The first foray into providing Medicare-like benefits to the elderly. Viciously opposed by the AMA

What was the Kerr-Mills Bill?

AMA supported alternative to the King-Anderson bill where federal funds were spent to serve the needs of medically indigent elderly people (not well-provided enough to fund their own care)

What was the AMA's biggest gripe with the King-Anderson bill?

All elderly people, even those who neither needed nor wanted assistance, were to receive it. This would put a drain on the system.

What was Eldercare?

A progression of the Kerr-Mills Bill that was proposed by the AMA instead of the King-Anderson proposal

What was the Byrnes Bill?

Republican-endorsed bill that, like Eldercare, called for coverage of both hospital and physician services for the aged through private insurance. Administration was to be federal, not by states

What was the final product of the debates over all these bills?

Medicare ended up as a fusion of the King-Anderson, Kerr-Mills, Byrnes, and Eldercare bills

What is Medicare Part A?

Similar to the King-Anderson Bill, includes hospital care for retirees financed by Social Security. No monthly premium but there is an annual deductible ($1,100 per hospitalization)

What is Medicare Part B?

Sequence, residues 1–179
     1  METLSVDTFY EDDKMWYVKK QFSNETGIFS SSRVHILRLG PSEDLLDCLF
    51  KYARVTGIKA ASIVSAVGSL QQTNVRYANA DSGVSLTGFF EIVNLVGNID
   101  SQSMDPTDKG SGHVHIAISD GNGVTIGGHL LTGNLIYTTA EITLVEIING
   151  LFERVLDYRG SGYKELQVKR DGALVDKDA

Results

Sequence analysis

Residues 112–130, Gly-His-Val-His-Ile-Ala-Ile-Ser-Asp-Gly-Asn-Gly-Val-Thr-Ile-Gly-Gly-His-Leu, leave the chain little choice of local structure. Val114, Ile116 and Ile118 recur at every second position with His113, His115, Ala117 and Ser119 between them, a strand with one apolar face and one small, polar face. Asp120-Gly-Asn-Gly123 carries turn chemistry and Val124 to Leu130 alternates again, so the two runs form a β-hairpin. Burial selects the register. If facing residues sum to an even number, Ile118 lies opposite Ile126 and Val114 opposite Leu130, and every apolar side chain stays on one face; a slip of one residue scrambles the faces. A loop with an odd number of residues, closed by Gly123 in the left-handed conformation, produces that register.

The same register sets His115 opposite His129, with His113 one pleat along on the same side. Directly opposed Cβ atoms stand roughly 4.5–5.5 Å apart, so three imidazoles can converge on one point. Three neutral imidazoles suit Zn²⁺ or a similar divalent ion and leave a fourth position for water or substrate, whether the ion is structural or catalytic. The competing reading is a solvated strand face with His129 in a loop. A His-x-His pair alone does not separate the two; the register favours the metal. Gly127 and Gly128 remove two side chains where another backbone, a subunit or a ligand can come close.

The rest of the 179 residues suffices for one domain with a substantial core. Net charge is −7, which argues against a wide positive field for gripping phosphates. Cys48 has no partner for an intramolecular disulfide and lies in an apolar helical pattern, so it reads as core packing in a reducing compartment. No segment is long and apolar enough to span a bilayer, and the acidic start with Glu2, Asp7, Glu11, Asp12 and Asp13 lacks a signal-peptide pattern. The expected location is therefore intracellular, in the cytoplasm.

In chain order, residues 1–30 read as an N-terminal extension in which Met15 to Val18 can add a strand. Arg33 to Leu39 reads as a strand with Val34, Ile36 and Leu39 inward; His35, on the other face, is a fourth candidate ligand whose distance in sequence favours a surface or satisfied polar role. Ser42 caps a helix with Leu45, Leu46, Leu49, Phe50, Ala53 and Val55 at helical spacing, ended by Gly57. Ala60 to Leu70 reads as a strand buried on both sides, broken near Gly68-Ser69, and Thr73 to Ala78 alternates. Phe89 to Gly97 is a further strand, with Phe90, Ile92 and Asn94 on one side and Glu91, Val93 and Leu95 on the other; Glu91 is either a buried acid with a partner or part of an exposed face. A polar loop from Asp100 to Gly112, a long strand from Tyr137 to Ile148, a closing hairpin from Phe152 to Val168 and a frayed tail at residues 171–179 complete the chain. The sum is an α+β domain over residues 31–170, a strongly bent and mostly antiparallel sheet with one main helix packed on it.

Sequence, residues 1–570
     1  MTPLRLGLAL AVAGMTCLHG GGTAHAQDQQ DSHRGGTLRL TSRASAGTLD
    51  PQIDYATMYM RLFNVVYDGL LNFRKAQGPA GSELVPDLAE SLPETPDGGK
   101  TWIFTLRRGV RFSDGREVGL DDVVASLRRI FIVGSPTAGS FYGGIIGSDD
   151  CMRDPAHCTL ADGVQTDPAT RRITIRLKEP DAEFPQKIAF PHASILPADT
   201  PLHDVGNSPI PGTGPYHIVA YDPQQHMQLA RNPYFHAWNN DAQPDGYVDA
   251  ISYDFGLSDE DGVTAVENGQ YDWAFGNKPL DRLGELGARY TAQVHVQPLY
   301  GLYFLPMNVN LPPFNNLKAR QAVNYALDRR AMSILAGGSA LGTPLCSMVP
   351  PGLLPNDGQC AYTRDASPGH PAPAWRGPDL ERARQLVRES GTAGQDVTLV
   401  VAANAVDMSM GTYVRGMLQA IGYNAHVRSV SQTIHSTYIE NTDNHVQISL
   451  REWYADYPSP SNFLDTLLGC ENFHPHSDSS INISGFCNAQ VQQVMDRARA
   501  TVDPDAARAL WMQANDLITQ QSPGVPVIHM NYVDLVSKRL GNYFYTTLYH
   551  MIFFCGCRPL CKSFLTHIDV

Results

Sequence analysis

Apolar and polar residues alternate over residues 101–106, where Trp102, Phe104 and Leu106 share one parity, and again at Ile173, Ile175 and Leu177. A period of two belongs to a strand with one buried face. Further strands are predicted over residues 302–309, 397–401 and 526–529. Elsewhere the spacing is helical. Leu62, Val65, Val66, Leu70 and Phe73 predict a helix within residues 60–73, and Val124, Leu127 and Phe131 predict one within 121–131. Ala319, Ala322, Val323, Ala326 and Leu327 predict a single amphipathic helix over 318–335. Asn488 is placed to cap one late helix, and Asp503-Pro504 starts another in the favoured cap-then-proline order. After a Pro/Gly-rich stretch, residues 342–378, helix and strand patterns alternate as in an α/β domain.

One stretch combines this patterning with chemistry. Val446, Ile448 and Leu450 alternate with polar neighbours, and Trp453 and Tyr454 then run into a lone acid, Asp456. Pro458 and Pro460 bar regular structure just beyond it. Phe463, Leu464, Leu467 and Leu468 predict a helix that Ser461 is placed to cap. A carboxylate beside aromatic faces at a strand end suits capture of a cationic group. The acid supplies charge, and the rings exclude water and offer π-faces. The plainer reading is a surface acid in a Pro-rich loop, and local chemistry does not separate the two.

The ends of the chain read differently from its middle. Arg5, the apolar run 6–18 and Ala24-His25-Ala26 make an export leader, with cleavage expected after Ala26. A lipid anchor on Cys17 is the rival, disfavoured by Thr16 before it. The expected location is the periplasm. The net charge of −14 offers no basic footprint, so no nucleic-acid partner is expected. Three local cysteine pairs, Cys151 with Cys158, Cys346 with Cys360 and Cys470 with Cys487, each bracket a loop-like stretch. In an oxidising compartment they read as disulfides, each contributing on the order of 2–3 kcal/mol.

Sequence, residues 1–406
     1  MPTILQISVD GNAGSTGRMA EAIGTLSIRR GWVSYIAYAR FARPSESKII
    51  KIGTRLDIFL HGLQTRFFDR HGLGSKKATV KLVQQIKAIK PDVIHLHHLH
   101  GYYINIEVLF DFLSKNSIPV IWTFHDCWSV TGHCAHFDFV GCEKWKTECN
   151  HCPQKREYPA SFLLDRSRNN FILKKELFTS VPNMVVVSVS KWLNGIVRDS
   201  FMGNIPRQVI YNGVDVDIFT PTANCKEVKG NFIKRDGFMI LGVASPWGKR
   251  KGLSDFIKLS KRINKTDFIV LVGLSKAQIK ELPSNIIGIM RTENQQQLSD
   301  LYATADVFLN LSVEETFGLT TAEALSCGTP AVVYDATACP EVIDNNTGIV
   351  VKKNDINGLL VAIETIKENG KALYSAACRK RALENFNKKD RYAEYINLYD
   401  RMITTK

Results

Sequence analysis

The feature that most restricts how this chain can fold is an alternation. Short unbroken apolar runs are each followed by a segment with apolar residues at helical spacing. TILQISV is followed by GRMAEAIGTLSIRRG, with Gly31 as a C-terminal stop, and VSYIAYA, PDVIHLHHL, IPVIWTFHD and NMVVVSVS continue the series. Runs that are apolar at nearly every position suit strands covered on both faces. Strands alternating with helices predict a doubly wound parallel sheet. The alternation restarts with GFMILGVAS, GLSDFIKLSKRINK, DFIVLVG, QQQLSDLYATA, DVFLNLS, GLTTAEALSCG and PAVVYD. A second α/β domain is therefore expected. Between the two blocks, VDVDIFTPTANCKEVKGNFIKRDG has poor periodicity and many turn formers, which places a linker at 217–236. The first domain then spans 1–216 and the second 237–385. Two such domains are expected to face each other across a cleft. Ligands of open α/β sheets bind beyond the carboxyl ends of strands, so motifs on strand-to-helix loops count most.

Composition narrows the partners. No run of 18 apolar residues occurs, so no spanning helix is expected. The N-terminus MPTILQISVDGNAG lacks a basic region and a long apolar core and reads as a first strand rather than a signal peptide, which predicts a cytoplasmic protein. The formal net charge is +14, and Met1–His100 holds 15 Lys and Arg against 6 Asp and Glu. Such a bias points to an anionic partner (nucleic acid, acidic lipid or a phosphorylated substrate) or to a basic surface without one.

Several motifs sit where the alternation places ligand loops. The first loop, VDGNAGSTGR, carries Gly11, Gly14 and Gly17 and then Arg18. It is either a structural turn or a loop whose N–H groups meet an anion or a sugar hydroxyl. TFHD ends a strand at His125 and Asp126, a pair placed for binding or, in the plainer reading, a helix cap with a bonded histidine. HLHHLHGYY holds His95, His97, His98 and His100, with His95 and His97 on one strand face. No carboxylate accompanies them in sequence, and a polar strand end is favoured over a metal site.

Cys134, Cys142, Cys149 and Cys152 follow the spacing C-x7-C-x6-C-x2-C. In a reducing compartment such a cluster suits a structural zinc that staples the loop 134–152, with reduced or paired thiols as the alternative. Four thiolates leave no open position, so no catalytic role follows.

Similar to the Byrnes Bill, provides supplemental, voluntary insurance covering physician services. Enrollees must pay a premium (income-based) which is matched by the government

What grew out of the Eldercare Bill?


How many people are currently covered by Medicare?

Almost 50 million Americans over 65 or under 65 with permanent disabilities

What is Medicare Part C?

Also called "Medicare Advantage," allows beneficiaries to enroll in a private plan (such as HMO) as an alternative to traditional fee-for-service. Members pay the same monthly premium as Part B but can also have an additional premium due to their HMO

What is Medicare Part D?

Outpatient prescription drug benefit delivered through private plans that contract with medicare. Enrollees pay a monthly premium with really poor people getting assistance

What are examples of things that Medicare does NOT cover?

Dental care, vision care, hearing exams/hearing aids, and custodial long term care at nursing homes or assisted living facilities

Does Medicare have a stop loss benefit?

No, there is no maximum out-of-pocket figure that beneficiaries are limited to. Many beneficiaries face significant out of pocket costs for premiums and beyond.

What is the "doughnut hole"?

The coverage gap in Medicare Part D between $2830 of total drug costs and $6440 of total drug costs. If you need $6439 worth of drugs, you're screwed!

How much of total federal spending in 2010 goes toward Medicare?

12% (About $500 Billion)

How much of total federal spending in 2010 goes toward Medicaid/Childrens' Health Insurance Program?


How is spending in Medicare distributed (FFS vs. other)

10% of total Medicare beneficiaries on FFS account for 60% of Medicare spending (as of 2006). This further shows why FFS is unsustainable

According to the current trend, can Medicare Part A stay solvent?